5. Add 1/4 cup of the water to the pan, reduce heat to low, scrape up all the browned bits, and then pour all of this into the simmering beans.
  6. Wipe dry the skillet with a paper towel.
  7. Return pan to medium high heat and heat another tablespoon of oil until just smoking
  8. Brown 2 sections of ribs for 5 minutes on the meat side only, reducing the heat if the pan begins to scorch.
  9. Transfer the ribs to the plate, and repeat with the remain two rib sections and another tablespoon of oil.
  10. After the ribs are browned, add the remaining 1/4 cup of water, reduce heat to low, scrape up all the browned bits, and then pour the liquid into the simmering beans.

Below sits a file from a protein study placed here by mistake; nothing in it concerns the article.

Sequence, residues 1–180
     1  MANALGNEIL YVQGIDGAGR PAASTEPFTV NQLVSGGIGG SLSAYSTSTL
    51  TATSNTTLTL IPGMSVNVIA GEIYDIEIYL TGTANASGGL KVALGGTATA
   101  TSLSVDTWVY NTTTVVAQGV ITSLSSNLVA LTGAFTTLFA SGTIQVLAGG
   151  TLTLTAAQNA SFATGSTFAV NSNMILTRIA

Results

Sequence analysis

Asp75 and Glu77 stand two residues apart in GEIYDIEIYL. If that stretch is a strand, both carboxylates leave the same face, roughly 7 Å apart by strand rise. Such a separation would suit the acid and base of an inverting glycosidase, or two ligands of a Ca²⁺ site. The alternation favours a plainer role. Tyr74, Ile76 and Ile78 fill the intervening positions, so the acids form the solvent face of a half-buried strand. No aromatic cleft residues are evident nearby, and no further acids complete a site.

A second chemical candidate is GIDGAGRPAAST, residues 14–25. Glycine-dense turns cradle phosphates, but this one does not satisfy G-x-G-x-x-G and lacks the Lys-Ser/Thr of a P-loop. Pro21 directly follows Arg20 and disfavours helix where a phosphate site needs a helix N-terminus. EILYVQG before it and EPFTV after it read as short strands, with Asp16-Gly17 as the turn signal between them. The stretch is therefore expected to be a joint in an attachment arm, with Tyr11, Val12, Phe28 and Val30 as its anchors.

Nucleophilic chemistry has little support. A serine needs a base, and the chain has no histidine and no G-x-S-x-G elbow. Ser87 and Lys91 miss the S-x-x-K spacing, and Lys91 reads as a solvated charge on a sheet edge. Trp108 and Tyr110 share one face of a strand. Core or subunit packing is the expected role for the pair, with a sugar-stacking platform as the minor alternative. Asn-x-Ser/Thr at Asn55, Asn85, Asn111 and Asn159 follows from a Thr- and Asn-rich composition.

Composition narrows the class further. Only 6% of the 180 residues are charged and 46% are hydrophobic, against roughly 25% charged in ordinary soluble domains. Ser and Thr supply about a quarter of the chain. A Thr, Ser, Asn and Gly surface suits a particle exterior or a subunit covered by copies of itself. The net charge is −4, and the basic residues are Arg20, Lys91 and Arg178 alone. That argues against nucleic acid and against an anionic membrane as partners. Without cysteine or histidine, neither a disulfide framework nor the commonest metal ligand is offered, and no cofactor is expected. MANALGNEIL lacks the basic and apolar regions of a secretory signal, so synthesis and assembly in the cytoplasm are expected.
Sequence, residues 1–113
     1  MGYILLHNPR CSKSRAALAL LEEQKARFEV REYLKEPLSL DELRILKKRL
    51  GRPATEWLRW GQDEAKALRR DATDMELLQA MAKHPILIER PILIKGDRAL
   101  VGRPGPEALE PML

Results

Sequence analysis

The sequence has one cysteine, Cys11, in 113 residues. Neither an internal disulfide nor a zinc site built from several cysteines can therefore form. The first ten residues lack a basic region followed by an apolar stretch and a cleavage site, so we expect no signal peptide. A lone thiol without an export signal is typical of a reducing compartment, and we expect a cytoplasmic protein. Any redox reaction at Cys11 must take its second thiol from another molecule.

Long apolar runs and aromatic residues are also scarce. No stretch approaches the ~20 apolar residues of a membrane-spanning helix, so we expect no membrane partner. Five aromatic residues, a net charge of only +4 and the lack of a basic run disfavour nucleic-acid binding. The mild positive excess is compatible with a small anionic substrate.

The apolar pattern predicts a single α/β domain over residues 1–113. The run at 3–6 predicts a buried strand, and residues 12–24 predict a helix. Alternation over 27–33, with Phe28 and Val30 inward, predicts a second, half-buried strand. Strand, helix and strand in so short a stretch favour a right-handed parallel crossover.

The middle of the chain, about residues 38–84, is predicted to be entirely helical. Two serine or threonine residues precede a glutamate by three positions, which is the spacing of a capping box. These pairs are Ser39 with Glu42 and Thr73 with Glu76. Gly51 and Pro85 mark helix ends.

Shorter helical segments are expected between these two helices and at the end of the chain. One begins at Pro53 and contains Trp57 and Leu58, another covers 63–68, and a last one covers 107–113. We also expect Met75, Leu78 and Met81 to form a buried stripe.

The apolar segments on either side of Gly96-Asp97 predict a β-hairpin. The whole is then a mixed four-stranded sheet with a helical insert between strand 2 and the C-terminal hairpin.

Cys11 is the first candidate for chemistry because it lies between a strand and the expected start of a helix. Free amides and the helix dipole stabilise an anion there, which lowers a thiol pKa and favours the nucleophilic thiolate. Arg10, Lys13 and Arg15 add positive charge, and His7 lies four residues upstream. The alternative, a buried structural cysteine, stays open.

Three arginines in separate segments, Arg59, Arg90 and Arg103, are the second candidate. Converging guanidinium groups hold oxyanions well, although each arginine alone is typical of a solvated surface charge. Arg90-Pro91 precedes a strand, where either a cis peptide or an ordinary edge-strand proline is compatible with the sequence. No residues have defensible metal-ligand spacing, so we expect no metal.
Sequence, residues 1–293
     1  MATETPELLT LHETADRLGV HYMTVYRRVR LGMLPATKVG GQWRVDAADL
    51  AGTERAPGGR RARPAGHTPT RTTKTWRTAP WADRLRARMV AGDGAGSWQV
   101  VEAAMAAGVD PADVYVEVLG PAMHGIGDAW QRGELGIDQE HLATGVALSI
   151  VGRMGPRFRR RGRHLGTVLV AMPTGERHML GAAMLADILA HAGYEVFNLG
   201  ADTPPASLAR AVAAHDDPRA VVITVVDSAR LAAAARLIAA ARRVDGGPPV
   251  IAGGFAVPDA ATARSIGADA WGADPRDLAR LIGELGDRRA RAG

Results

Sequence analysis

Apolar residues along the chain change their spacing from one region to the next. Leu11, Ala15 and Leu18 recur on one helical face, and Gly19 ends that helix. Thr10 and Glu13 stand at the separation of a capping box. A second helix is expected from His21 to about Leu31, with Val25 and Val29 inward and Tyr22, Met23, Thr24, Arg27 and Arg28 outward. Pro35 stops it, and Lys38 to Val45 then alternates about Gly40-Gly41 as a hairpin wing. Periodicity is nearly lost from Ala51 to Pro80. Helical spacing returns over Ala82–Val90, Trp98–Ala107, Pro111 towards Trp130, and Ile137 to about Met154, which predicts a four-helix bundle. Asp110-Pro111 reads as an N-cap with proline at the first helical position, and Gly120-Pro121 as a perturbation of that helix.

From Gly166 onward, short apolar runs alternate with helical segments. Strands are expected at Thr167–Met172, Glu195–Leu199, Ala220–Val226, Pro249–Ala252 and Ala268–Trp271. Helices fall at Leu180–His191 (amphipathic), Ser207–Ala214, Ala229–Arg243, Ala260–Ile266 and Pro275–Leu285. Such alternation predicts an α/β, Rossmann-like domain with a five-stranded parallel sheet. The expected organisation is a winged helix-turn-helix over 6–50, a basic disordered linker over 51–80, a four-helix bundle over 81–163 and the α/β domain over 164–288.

Some comments before we get to cooking the meat in the beans. As you can see in the picture above, 4 pieces of tenderloin made my skillet quite crowded, and hindered the browning a bit... it didn't really make any difference in the end, but it meant I had two leave the two pieces that weren't really browning as well in the pan after I had removed the other two. If you start the meat soon after you set the beans to simmering, I think you'd have time to brown the tenderloin in two batches that would turn out a bit better.

As I mentioned above, I used 2 three rib pieces instead of the 3 two rib sections and it worked out fine. They fit in the pan easily and browned very well... in fact, I am a little bit surprised that the recipe called for 3 batches of ribs while only wanting one batch of tenderloin. If I do this recipe again (maybe at a friend's house for a summer BBQ?) I would brown both the tenderloin and the ribs in two batches, but I'd cut the ribs into two rib sections instead of three.

OK, on to the beans: